Disclaimer: I'm simply positing my own OPINION as was asked of me by Mr Sanchez. (In fact, he tasks me...he tasks me, and I shall have him. I'll chase him around the moons...er, sorry...got off track.) As such, I'm passing no judgement on any particular coach or person, unless judgement is given. This is simply, TO ME, what I think quantifies the quintessential SEC football coach. There will be disagreements, maybe even arguments, but keep it classy. I don't care for a repeat of the in-game thread. (/Peers down my glasses at "you know who you are.")
First, some background: I was born and raised in the early 1970s till the early '90s in Georgia. My family, maternally, is from Alabama (Tuscaloosa area to be exact) and Mississippi (the Delta). My father's side is from NE South Carolina and some transients (in the 1850s) moved to north central Florida (needless to say, I don't have a thing to do with those folks...no joke. It's not because of football, but nice coincidence.) Every fall holiday, we got together as families, have fish fries/potlucks/pit-pig grillin/formal dinners, and sit around the tube and watch football. All of this to tell you I got a very strong (and biased) education in SEC football, and the way football is meant to be played. As an example, otherwise normally mild-mannered, well-spoken Christian men would go into frothing, profanity-laced rants if you mentioned this new-fangled "West Coast" offense. That just wasn't the way men played football.
I, of course, have allowed myself to absorb and entertain various offensive and defensive philosophies, but I never have a doubt as to whether one is an "SEC" philosophy or not. Again, this isn't saying a non-SEC philosophy is inferior necessarily, just not the way "we play football in the SEC." Appropriately, the SEC-way of playing football as taught to me 30 years ago still holds true, mostly, today. So, without further ado and after much recollection, here is what a coach an "SEC" coach to me.
1. Dominate defense. In it's most pure, I'm talking man-to-man, we own the trenches domination. Offensive evolutions have made zone defenses a necessity, but the dominant D-line is a must. Tackling is done with the arms, none of the shoulder crap. You blitzed when you wanted to, not because you had to.
2. Smash-mouth offense. I'm going to run the ball, you know I'm going to run the ball, and I'm still going to bust your lip wide open. Passing was done just to break up the runs. I'm talking 40-50 runs and 15-20 passes a game...tops! This demanded a bruising RB, a workhorse of an O-line and receivers who weren't afraid to lay some lumber.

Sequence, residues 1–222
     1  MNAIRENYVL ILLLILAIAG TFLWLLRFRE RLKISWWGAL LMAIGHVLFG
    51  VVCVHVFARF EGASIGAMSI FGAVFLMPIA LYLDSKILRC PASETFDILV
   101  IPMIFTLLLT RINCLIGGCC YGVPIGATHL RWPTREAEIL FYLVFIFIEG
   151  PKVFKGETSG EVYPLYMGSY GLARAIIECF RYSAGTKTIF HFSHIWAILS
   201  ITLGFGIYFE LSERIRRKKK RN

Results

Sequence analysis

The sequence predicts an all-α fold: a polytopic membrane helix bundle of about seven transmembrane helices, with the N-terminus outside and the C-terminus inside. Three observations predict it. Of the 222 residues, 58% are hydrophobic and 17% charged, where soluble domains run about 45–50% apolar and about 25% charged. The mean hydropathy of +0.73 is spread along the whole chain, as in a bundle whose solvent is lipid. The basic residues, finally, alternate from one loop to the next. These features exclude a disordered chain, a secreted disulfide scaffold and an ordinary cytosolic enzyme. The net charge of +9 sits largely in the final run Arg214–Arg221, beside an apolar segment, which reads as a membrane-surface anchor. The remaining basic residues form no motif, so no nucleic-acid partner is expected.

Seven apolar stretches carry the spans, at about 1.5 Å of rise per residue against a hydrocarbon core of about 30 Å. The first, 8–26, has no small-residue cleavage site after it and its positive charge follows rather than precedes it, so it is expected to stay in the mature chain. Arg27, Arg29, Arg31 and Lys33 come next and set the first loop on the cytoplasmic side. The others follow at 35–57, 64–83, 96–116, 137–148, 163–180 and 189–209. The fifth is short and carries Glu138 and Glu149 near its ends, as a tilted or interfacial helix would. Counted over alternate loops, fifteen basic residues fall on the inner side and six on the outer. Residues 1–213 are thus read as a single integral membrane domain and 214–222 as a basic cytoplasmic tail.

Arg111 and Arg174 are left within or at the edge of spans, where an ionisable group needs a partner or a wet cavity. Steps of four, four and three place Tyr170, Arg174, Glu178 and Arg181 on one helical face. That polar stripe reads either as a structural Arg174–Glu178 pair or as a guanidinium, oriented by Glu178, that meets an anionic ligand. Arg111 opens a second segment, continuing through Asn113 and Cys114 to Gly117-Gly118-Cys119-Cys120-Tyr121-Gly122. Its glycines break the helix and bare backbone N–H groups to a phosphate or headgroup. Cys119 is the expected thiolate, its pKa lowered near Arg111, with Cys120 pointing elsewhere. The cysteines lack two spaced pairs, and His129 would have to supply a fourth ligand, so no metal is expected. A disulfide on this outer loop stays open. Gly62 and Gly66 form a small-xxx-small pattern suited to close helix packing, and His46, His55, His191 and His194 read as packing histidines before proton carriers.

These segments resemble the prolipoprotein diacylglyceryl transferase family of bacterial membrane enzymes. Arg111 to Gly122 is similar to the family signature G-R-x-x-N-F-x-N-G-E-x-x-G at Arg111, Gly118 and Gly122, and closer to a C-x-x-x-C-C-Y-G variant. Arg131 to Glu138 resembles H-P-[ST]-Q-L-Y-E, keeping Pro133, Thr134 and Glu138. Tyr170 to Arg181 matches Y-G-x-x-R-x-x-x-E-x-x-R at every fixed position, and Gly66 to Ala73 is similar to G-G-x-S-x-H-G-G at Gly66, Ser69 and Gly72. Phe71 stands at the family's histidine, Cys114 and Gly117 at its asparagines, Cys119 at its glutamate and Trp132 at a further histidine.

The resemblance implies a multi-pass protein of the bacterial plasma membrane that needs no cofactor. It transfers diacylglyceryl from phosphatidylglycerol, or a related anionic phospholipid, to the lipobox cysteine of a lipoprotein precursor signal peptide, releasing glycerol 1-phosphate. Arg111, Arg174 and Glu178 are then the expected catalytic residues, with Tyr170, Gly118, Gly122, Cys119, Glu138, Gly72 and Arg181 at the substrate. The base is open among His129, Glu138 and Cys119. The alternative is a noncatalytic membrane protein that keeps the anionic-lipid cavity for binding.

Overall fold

3. Disciplined. Football is a religion, the stadium your place of worship, and you didn't desecrate that cathedral by playing sloppy, penalty-filled football. You didn't celebrate TDs (or sacks/tackles/gains of 3 yards/etc).
4. Southern. A necessity from my grandparents, uncles and my dad...the coach had to be a Southerner. Any yankees in the mix were carpet-baggers.
5. Respectable...the man coaching had to be respectable. After all, these guys were not much removed from being ordained ministers to my family.
With these 5 "quantifiable" attributes, in the end, whether I call someone an SEC coach or not is a matter of feel, a cultural-relation if you will. Not all (or even most) coaches in the SEC are "SEC" coaches, and there are coaches not in the SEC that are "SEC" coaches.
This whole sticky-booger of a subject came up when Mr Sanchez stated he liked Mike Leach as a replacement for CMB. I stated I disagreed because he was not an SEC coach and I personally dislike the man. So let's examine Mike Leach:
- Defensive philosophy--I don't recall Texas Tech being known for their defense.
- Offensive philosophy--Air Raid, with runs mixed in. Definitely not SEC football.
- Disciplined--Unsure here, never watched a lot of Red Raider football, but weren't his players show-boaters?
- Southern: Negative
- Respectable: Negative...but matter of personal opinion, so don't flame. I do not agree with his handling of the James' kid controversy, whether he actually "mistreated" the kid or not.
Again, these categories are fluid, not definitive. It's more of a "feel," something if you were born and bred SEC you just know.
Ready for some real controversy--the Ole Ball Coach wasn't an SEC coach till he got to SCAR. Urban Meyer...NOT AN SEC COACH. Nick Saban/Les Miles, SEC coaches. Mike Bobo--no, Mark Richt--yes.
I'm now going to retreat behind a blast wall, with all avenues of approach booby trapped with trip wires and claymore mines, for the assault I'm sure that is coming.